- Inflation rose to a near 10-year high in October and is likely to rise further over the remainder of the year. The EY ITEM Club expects inflation to peak next spring, but it should slow significantly in the second half of 2022 and into 2023.
- October’s outturn was higher than the Bank of England anticipated, but this is unlikely to play little role in its near-term policy decision. Whether or not the Monetary Policy Committee rises rates in December will predominantly be down to their view on developments in the labour market.
- EY ITEM Club Autumn Forecast is published on Monday 22 November.
Martin Beck, senior economic advisor to the EY ITEM Club, says:
“CPI inflation accelerated from 3.1% in September to 4.2% in October, the highest rate since December 2011. Three factors were largely responsible for October’s large rise – the over 12% increase in the energy price cap, petrol prices rising by 3% between September and October following a significant increase in oil prices, and the VAT rate for the hospitality sector increasing from 5% to 12.5%.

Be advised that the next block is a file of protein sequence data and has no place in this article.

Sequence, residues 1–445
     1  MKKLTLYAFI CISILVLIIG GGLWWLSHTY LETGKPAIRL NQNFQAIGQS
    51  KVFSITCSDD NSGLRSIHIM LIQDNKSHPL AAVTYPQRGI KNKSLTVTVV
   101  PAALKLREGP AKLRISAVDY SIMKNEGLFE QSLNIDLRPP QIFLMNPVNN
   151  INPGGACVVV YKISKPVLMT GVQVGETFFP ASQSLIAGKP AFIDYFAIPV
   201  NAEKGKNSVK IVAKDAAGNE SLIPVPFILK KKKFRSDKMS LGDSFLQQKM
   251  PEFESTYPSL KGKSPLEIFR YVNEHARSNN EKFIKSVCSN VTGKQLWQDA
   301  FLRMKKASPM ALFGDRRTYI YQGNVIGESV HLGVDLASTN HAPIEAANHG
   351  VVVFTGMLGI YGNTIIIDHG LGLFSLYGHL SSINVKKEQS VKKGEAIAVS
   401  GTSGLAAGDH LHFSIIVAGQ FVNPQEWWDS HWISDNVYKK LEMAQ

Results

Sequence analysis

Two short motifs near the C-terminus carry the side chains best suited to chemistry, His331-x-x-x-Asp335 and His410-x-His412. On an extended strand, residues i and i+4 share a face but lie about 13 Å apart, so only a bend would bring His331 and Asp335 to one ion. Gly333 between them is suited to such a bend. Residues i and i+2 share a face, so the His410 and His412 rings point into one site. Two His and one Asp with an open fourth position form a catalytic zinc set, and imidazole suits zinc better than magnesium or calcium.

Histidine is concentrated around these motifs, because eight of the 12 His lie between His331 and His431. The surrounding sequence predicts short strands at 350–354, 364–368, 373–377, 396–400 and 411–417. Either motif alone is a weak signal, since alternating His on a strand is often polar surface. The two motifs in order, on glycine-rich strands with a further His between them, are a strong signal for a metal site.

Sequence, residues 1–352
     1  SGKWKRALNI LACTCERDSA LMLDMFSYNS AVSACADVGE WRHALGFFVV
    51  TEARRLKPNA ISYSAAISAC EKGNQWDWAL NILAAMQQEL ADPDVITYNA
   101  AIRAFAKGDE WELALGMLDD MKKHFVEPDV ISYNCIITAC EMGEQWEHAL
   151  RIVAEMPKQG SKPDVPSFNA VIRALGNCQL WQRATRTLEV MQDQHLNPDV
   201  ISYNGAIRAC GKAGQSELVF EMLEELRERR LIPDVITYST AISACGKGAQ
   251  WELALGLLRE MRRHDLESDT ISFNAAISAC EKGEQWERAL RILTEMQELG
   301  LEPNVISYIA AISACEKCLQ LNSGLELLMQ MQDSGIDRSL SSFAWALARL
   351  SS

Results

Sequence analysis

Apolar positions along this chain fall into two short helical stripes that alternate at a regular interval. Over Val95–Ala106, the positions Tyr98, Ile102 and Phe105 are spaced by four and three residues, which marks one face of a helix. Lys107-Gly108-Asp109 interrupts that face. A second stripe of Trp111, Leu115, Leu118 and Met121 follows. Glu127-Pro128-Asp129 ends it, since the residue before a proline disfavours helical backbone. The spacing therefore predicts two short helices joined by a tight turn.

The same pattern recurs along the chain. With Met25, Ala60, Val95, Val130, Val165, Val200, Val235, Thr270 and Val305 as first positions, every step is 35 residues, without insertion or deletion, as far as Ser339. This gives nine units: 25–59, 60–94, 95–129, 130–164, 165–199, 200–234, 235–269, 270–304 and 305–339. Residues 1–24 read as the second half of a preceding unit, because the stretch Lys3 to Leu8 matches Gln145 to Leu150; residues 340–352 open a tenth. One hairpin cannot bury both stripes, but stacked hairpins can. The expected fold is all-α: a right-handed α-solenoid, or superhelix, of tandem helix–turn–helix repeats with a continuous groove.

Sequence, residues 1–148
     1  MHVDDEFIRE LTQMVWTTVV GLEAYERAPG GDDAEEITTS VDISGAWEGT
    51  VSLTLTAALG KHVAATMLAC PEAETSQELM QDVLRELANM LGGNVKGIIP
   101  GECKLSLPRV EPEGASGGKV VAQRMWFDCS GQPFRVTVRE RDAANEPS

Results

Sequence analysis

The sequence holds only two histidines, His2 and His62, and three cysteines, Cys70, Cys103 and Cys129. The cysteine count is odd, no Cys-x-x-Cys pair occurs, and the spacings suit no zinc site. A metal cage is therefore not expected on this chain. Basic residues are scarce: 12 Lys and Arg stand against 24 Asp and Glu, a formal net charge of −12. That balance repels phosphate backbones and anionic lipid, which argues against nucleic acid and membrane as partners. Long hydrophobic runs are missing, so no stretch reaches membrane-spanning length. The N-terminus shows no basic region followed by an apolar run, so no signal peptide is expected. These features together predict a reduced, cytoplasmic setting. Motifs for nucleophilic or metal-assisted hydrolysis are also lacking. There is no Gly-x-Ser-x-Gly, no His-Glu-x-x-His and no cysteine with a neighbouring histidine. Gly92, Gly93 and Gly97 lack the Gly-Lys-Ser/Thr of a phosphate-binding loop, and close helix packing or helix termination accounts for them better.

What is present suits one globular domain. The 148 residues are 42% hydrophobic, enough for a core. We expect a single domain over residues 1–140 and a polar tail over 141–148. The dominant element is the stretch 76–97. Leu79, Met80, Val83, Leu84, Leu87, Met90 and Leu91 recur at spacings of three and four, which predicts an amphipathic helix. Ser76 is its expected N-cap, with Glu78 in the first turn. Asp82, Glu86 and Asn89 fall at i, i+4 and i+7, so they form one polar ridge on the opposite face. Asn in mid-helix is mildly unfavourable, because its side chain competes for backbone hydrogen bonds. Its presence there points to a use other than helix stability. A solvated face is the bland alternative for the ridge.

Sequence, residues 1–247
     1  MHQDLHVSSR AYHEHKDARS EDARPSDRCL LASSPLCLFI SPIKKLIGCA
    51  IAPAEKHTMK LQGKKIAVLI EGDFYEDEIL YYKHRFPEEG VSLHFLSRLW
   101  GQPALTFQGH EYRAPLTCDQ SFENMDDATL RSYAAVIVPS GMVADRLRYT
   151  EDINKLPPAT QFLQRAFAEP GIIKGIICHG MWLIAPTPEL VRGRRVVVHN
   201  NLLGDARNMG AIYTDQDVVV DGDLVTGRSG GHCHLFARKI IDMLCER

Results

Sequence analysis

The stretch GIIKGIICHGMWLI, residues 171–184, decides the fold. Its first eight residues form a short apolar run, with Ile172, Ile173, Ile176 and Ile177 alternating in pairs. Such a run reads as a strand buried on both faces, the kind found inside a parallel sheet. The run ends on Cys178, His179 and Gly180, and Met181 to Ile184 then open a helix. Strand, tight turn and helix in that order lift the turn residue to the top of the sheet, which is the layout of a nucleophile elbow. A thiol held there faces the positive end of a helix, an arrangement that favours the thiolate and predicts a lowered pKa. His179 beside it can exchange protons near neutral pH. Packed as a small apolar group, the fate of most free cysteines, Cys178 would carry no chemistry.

“The EY ITEM Club expects inflation to drift up further over the remainder of this year, as the impact of higher oil prices and supply chain challenges continue to feed through. The CPI measure is then likely to briefly peak next spring, when the impact of the next rise in the energy price cap and the VAT rate for the hospitality sector being restored to 20% go on to affect the index. But each of these factors are temporary in nature and there remains little evidence of any escalation in underlying inflationary pressures. With oil and natural gas prices unlikely to continue rising at recent heated rates, and large negative base effects coming into play, the EY ITEM Club expects CPI inflation to fall below the 2% target by mid-2023.
“Although October’s outturn was higher than the Bank of England’s forecast of 3.9% in November’s Monetary Policy Report, this is unlikely to make much difference to its next policy decision. Whether or not the Monetary Policy Committee moves in December will be determined predominately by whether they’re satisfied that the end of the furlough scheme had a benign impact on the jobs market.”